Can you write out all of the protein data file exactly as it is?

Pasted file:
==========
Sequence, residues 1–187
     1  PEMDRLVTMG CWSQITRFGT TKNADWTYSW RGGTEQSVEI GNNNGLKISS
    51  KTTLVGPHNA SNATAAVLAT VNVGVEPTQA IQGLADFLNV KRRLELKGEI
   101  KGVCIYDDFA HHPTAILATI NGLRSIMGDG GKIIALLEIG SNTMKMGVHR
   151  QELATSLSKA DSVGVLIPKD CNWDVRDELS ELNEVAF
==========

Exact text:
Sequence, residues 1–187
     1  PEMDRLVTMG CWSQITRFGT TKNADWTYSW RGGTEQSVEI GNNNGLKISS
    51  KTTLVGPHNA SNATAAVLAT VNVGVEPTQA IQGLADFLNV KRRLELKGEI
   101  KGVCIYDDFA HHPTAILATI NGLRSIMGDG GKIIALLEIG SNTMKMGVHR
   151  QELATSLSKA DSVGVLIPKD CNWDVRDELS ELNEVAF